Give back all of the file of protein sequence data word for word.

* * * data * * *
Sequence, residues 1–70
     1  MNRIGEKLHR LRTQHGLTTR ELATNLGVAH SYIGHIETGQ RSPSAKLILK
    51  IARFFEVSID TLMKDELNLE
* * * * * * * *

Sequence, residues 1–70
     1  MNRIGEKLHR LRTQHGLTTR ELATNLGVAH SYIGHIETGQ RSPSAKLILK
    51  IARFFEVSID TLMKDELNLE